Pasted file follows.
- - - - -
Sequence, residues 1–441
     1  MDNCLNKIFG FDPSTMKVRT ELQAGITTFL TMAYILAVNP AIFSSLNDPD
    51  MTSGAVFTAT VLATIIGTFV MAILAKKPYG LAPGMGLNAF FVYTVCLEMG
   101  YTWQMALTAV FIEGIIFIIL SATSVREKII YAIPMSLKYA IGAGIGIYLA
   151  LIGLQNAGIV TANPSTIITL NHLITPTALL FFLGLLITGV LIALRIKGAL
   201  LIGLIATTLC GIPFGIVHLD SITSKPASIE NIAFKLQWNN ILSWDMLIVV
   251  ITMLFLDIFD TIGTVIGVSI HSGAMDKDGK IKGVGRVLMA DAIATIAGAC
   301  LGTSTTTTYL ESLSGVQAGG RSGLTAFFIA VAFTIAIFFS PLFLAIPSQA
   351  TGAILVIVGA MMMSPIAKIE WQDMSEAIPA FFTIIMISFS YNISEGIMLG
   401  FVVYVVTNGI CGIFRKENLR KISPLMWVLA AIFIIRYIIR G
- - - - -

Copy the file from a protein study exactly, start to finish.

Sequence, residues 1–441
     1  MDNCLNKIFG FDPSTMKVRT ELQAGITTFL TMAYILAVNP AIFSSLNDPD
    51  MTSGAVFTAT VLATIIGTFV MAILAKKPYG LAPGMGLNAF FVYTVCLEMG
   101  YTWQMALTAV FIEGIIFIIL SATSVREKII YAIPMSLKYA IGAGIGIYLA
   151  LIGLQNAGIV TANPSTIITL NHLITPTALL FFLGLLITGV LIALRIKGAL
   201  LIGLIATTLC GIPFGIVHLD SITSKPASIE NIAFKLQWNN ILSWDMLIVV
   251  ITMLFLDIFD TIGTVIGVSI HSGAMDKDGK IKGVGRVLMA DAIATIAGAC
   301  LGTSTTTTYL ESLSGVQAGG RSGLTAFFIA VAFTIAIFFS PLFLAIPSQA
   351  TGAILVIVGA MMMSPIAKIE WQDMSEAIPA FFTIIMISFS YNISEGIMLG
   401  FVVYVVTNGI CGIFRKENLR KISPLMWVLA AIFIIRYIIR G